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|Thursday 21st September 2006
Food chemicals 'may harm humans'
Chemicals in Food report by Nicola Stanbridge
Man made chemicals which make their way into our food from the environment or packaging are traditionally analysed for harmful effects on a chemical by chemical basis. In a new study by The World Wildlife Fund UK low level doses of old and new chemicals were found in a shopping list of basic foods like brown bread, butter and milk. They include banned pesticides like DDT, flame retardants, Pthalates which are plasticizers and artificial scents. Elizabeth Salter Green, head of the toxics programme at WWF UK argues that added up they are potentially harmful to humans, " When you consider that the foetus as it develops is sensitive to parts per billion in neurological development levels are of concern and it's of even more concern because you are exposed to a chemical cocktail."
These chemicals including the pesticide DDT have shown up in blood tests previously carried out by WWF. Experiments carried out in animals and human cells suggest some chemicals may be a factor in hormonal changes, cancers and immune deficiencies Dr Andreas Kortenkamp, an Independent toxics expert at the london School of Pharmacy, University of London has just completed research mixing low levels of Estrogenic chemicals and found that the hormonal strength of the mixture was significant.
Professor Sir Colin Berry is a pathologist and toxicologist and former chairman of the Advisory Committee on Pesticides which advises the government. He's one of many scientists uncertain about the combination effect of chemicals in our diets, " I don't think that there is no additive effect. What we can say is it certainly isn't simple & there may be some antagonistic effects. Some people absorb them, some people don't so there's one big difference." Like many scientists he argues the benefits of some of the chemicals outweigh the risks, "Perflourinated chemicals that are used in non stick materials for example, could I remind you that if food burns and sticks to anything you get a great many carcinogens produced in it. The artificial musks are about what I might call consumerism, do you want your house to smell a particular way or for your clothes to have a particular odour when they finished being washed and I think there is probably little justification in that sort of area to keep these compounds if they persist."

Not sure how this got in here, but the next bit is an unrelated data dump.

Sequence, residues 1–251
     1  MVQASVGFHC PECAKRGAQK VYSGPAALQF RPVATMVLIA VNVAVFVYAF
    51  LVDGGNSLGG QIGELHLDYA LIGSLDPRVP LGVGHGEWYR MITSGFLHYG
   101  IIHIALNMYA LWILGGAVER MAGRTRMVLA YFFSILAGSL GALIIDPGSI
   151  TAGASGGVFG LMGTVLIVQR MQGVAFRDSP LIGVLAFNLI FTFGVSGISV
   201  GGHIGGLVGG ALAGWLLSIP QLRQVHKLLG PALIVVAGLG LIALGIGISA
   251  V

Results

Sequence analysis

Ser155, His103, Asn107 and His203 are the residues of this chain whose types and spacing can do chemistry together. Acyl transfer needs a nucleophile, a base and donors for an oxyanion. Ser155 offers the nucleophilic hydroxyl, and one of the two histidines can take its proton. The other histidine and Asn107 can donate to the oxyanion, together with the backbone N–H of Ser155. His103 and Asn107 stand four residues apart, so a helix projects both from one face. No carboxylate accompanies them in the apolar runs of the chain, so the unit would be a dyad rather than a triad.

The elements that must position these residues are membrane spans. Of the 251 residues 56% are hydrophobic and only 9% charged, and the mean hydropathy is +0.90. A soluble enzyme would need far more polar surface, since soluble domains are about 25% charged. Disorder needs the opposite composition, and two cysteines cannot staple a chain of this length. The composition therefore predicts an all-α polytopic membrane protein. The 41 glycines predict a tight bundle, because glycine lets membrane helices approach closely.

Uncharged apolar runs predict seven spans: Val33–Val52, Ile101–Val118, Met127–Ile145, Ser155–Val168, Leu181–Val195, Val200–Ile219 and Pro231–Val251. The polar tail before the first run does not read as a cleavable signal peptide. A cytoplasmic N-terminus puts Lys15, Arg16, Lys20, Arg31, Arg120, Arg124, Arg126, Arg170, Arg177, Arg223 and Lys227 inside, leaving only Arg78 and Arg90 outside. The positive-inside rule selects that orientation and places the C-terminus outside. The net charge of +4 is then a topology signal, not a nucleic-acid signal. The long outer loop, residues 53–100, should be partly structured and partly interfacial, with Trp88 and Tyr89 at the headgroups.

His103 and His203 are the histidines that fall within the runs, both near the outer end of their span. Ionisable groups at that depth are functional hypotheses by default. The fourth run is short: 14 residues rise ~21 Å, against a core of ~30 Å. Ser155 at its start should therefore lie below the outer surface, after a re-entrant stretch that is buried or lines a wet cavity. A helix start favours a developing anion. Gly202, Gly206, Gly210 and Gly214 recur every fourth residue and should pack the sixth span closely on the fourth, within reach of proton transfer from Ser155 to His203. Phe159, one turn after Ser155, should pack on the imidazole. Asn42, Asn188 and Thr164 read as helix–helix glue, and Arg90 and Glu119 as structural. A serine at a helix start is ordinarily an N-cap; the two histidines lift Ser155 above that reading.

The Food Standards Agency and the Chemical Industries Association say individually the levels of chemicals are not harmful but they are now looking at how they add up in our diet. Steve Elliott is the chief executive of the chemicals industry association, " I don't think there's a reason for the general public to be overly concerned by the results produced by this report. I think there is a significant amount of work that needs to be done to look at the additive effect in terms of how one substance might react with another & the ultimate product of that reaction. We've had an existing regime which for one reason or another in terms of testing hasn't given ultimate confidence to either industry or people."
European legislation in 1981 required all new chemicals to be tested. But Industry uses thousands of chemicals in products which because they were on the market prior to 1981 have not been tested for their effect on human health and the environment, it's down to public health authorities to test those they think may be hazardous.
Legislation is being debated in the european parliament later this year about the registration, evaluation and authorisation of chemicals known as REACH will attempt to test many old chemicals and gradually replace or impose greater controls over hazardous chemicals.
The Chemical groups WWF UK looked at :
12 Organochlorine pesticides, inc. DDT, HCB, Lindane, Chlordane.
44 Polychlorinated Biphenyls (PCBs)
33 Brominated flame retardants, inc. 31 PBDEs + HBCD and TBBP-A
8 Perflourinated chemicals, (PFCs) inc. PFOS and PFOA
8 Phthalates, inc. DEHP, DBP, BBP
4 artificial musks, AHTN and HHCB, musk xylene (MX) musk ketone (MK)
Alkylphenols isomers of nonylphenol (NP) and octylphenol (OP)
5 Organotins inc TBT (tributyltin)
In a basic list of UK foods:
Butter, cheese, bacon, sausages, eggs, milk, olive oil, chicken breast, fish fingers, salmon, tuna, honey, brown bread and orange juice.
Research by TNO in the Netherlands for WWF UK
Research by Andreas Kortenkamp
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